HC Deb 26 April 1850 vol 110 cc875-89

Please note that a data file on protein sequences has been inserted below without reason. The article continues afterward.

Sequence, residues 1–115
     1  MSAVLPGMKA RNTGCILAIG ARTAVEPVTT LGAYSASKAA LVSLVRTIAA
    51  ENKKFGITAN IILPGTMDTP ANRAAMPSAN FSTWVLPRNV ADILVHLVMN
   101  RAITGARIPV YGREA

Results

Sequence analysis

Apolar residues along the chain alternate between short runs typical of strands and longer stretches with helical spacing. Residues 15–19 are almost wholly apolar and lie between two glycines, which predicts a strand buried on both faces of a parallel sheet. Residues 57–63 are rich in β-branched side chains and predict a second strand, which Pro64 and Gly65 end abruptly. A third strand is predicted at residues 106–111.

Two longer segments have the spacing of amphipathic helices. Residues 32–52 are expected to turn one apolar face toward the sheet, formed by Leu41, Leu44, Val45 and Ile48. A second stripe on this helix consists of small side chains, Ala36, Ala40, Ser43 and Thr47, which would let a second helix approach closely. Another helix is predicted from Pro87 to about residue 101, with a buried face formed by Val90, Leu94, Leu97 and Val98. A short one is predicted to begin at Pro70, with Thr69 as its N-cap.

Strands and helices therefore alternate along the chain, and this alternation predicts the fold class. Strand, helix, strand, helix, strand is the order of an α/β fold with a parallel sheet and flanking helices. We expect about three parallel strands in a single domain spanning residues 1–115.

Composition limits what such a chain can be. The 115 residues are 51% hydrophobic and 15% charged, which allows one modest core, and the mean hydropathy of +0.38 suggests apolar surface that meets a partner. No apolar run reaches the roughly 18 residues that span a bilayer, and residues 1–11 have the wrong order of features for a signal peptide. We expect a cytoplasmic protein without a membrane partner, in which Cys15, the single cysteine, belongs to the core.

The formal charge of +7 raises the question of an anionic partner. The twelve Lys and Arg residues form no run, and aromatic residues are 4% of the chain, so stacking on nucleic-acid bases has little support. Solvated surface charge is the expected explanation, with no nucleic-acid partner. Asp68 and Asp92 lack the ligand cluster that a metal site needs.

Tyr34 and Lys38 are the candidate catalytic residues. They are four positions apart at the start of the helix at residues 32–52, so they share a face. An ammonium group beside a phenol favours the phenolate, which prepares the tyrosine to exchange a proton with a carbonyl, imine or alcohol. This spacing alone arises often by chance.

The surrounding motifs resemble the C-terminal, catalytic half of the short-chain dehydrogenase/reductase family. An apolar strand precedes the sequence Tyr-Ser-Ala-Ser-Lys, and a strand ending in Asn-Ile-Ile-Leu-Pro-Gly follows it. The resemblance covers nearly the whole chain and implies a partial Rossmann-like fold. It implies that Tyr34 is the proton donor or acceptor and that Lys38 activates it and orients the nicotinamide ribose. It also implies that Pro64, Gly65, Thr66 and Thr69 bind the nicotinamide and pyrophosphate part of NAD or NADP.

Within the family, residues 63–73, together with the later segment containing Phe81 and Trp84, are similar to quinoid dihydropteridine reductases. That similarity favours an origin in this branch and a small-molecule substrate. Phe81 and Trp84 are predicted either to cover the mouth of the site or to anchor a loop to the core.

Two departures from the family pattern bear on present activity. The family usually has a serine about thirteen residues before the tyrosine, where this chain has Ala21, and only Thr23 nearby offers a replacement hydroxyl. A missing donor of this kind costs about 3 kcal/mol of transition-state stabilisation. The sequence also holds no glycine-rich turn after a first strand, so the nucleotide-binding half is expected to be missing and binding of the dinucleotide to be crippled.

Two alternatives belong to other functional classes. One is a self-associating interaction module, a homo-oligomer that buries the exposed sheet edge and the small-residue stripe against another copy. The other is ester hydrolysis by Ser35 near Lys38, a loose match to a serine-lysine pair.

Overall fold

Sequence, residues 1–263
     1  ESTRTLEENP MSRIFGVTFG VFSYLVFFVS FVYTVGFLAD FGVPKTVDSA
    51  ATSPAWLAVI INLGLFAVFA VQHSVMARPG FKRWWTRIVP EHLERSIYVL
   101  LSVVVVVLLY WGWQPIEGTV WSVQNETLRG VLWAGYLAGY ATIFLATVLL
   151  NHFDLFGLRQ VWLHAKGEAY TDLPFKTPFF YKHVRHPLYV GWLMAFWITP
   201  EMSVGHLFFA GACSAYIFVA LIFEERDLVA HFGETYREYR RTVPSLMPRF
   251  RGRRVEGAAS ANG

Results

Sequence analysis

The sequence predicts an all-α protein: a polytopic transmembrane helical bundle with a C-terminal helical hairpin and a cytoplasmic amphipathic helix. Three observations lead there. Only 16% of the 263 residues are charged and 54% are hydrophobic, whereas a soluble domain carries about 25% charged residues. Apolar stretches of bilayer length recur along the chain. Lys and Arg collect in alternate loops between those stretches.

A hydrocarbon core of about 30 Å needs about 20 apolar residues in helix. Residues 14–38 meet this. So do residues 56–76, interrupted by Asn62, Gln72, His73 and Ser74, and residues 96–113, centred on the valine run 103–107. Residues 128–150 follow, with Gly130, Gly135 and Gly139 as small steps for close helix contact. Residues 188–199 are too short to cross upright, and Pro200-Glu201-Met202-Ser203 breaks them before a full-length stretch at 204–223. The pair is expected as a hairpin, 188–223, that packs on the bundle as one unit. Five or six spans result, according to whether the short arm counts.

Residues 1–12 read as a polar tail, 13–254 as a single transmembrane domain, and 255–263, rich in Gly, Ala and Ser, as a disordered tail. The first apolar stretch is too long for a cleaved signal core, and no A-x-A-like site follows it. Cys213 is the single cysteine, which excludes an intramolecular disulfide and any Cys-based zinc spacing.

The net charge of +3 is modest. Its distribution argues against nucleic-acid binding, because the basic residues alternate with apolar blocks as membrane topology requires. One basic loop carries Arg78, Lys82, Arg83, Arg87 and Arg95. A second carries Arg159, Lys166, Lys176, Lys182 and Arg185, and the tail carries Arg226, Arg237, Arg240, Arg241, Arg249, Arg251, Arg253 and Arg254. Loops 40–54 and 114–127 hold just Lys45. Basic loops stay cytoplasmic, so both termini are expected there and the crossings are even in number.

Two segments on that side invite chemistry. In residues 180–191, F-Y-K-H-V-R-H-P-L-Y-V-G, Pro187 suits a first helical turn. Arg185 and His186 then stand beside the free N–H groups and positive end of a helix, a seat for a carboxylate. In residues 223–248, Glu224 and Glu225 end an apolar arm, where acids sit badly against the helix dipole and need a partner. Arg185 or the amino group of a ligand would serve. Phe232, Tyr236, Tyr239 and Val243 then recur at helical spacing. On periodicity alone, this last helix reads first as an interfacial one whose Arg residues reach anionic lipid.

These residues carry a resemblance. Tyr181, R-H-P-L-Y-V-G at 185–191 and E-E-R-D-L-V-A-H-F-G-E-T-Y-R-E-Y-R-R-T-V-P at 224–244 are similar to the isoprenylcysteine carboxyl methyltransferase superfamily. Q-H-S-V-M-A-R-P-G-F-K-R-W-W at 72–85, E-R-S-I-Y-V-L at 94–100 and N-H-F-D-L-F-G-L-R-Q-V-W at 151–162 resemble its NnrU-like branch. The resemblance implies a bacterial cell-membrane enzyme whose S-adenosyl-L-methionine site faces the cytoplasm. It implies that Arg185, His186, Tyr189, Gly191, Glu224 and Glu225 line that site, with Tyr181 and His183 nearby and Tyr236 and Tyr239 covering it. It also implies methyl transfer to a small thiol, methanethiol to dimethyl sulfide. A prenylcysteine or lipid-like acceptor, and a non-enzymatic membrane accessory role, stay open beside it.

On the Motion being again put for going into Committee of Supply,